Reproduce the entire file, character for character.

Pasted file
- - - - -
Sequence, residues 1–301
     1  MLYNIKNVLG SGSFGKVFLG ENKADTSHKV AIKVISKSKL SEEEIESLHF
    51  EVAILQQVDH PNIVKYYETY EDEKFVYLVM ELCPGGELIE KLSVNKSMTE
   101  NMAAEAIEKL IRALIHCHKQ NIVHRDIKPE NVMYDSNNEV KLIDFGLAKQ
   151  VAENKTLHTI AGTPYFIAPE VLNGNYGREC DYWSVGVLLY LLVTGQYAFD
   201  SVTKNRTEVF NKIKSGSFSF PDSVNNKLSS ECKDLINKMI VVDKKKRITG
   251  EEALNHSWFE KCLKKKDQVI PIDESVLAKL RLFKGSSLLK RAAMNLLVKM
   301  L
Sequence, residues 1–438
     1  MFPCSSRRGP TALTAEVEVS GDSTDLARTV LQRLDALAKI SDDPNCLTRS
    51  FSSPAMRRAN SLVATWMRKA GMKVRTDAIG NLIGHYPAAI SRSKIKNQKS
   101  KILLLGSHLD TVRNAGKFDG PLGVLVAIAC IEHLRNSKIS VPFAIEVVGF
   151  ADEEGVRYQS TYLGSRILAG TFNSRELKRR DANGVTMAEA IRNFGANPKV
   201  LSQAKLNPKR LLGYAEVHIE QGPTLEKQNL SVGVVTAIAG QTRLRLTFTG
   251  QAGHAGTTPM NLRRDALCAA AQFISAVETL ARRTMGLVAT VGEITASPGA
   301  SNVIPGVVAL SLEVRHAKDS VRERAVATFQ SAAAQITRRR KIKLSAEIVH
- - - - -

Sequence, residues 1–301
     1  MLYNIKNVLG SGSFGKVFLG ENKADTSHKV AIKVISKSKL SEEEIESLHF
    51  EVAILQQVDH PNIVKYYETY EDEKFVYLVM ELCPGGELIE KLSVNKSMTE
   101  NMAAEAIEKL IRALIHCHKQ NIVHRDIKPE NVMYDSNNEV KLIDFGLAKQ
   151  VAENKTLHTI AGTPYFIAPE VLNGNYGREC DYWSVGVLLY LLVTGQYAFD
   201  SVTKNRTEVF NKIKSGSFSF PDSVNNKLSS ECKDLINKMI VVDKKKRITG
   251  EEALNHSWFE KCLKKKDQVI PIDESVLAKL RLFKGSSLLK RAAMNLLVKM
   301  L
Sequence, residues 1–438
     1  MFPCSSRRGP TALTAEVEVS GDSTDLARTV LQRLDALAKI SDDPNCLTRS
    51  FSSPAMRRAN SLVATWMRKA GMKVRTDAIG NLIGHYPAAI SRSKIKNQKS
   101  KILLLGSHLD TVRNAGKFDG PLGVLVAIAC IEHLRNSKIS VPFAIEVVGF
   151  ADEEGVRYQS TYLGSRILAG TFNSRELKRR DANGVTMAEA IRNFGANPKV
   201  LSQAKLNPKR LLGYAEVHIE QGPTLEKQNL SVGVVTAIAG QTRLRLTFTG
   251  QAGHAGTTPM NLRRDALCAA AQFISAVETL ARRTMGLVAT VGEITASPGA
   301  SNVIPGVVAL SLEVRHAKDS VRERAVATFQ SAAAQITRRR KIKLSAEIVH